2. One thing you really like about your project.
    My project was a success that the “Diarrhea Boy” carried humor. While making it at D12, people stopped by and laughed. I had much fun making it.

    3. One thing you think is unique or important about your project.
    I believe the most important essence of toy is fun, and that is why I love toy. My project is for everyone we all can laugh while play with it because we all understand this critical moment. 🙂

  • yaoukar 11:53 pm on March 21, 2013 Permalink | Reply  

    Midterm Free Writing 

    Title of project: Building Cubicles by Youmna and Daniela

    1- Daniela and I made a mini toy installation where users can interact with different mini doors from a cardboard building. When the user opens the door, a character would be represented and start to animate. Each character has a personality and tells a different story.

    Building the gears for these different characters was pretty hard.

    I started off by building one of the gear example from the Karakuri book because I wanted to make a character that has a tongue that wiggles. So I thought that making a gear that could push the tongue would be helpful.

    The paper was really thin and it broke very easily.

    After doing the first prototype, I decided to explore different materials such as cardboard and chipboard.

    Working with these materials was better for me but sometimes the chipboard was too sturdy and it didn’t allow for the movement to happen.

    So a mixture of light and heavy paper would have been ideal.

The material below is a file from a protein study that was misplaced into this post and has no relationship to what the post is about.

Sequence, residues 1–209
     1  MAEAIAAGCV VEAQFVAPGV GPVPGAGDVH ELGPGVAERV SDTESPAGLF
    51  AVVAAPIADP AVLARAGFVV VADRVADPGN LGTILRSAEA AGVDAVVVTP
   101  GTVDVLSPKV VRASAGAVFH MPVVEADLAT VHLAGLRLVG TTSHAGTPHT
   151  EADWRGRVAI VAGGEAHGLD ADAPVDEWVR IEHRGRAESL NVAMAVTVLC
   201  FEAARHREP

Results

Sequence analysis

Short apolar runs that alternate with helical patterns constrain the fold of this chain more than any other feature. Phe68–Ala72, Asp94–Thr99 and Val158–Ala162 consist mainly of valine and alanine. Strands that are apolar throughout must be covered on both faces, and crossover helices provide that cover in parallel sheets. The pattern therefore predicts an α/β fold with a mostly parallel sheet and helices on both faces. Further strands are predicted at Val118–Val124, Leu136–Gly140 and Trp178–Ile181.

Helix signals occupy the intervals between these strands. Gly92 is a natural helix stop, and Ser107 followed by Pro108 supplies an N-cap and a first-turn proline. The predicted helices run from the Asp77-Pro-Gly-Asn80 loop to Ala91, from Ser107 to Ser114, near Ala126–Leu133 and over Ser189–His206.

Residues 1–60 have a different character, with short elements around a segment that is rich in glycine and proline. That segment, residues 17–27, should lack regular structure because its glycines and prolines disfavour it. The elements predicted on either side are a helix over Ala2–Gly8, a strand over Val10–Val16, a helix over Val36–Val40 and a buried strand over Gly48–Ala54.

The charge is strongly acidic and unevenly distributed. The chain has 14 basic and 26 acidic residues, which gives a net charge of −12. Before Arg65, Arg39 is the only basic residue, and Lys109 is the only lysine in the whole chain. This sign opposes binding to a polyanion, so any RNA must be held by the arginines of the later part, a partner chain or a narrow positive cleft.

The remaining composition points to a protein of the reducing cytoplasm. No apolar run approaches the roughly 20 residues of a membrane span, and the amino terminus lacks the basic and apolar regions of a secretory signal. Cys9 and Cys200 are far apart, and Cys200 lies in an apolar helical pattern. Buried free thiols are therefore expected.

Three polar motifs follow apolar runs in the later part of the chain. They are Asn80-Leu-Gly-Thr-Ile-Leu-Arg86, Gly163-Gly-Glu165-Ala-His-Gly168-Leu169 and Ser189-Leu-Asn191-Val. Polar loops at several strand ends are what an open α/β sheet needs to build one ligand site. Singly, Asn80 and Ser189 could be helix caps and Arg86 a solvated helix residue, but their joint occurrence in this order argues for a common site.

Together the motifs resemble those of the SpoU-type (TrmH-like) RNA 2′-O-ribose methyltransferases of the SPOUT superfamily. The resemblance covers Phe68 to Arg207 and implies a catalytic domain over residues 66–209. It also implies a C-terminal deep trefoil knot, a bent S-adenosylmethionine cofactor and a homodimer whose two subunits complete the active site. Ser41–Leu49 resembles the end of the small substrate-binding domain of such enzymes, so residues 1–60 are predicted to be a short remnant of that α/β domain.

2-I really like the aesthetics of our project. Making the characters was really fun. Using different materials ranging from cardboard to poster boards to strings was very challenging. Thinking about the characters personalities was also very fun. Thinking about what emotion every character would incite in people lives was also in interesting process. I like the fact that our piece is a  combination of  humor and irony.

    3-I think that the most unique thing about our piece is the fact that we created an environment for our characters through the structure of the building. We were inspired by the writer named Chris Ware and especially his piece called Building stories.



  • Siri 8:16 pm on March 21, 2013 Permalink | Reply  

    04/01 Midterm: Free Writing 

    My midterm project is now called Bowman. He will bow down at anyone in front of him. He has no face and is completely naked in white. This reason is that people can draw on him and create their own versions of Bowman. Who do you want to make them bow to?

    1. One thing you found surprising about making your project.
    It is easier than I originally thought to design, but quite hard to produce by hand. I probably have to improve my craft skills.

    2. One thing you really like about your project.
    It is engaging and interactive–bowing down at anyone in front of it.

    3. One thing you think is unique or important about your project.
    Instead of just looking at it moving, the user actually becomes a part of the action.

  • sarahewever 8:15 pm on March 21, 2013 Permalink | Reply  

    Midterm Automata Reflection 

    What is one thing you found surprising about making your project?

    I was really surprised at how much I retained from building the book examples. With little trouble I was able to sketch my design in illustrator and know where to put tabs and how to format the various pieces of my automata.

    What is one thing you really like about your project?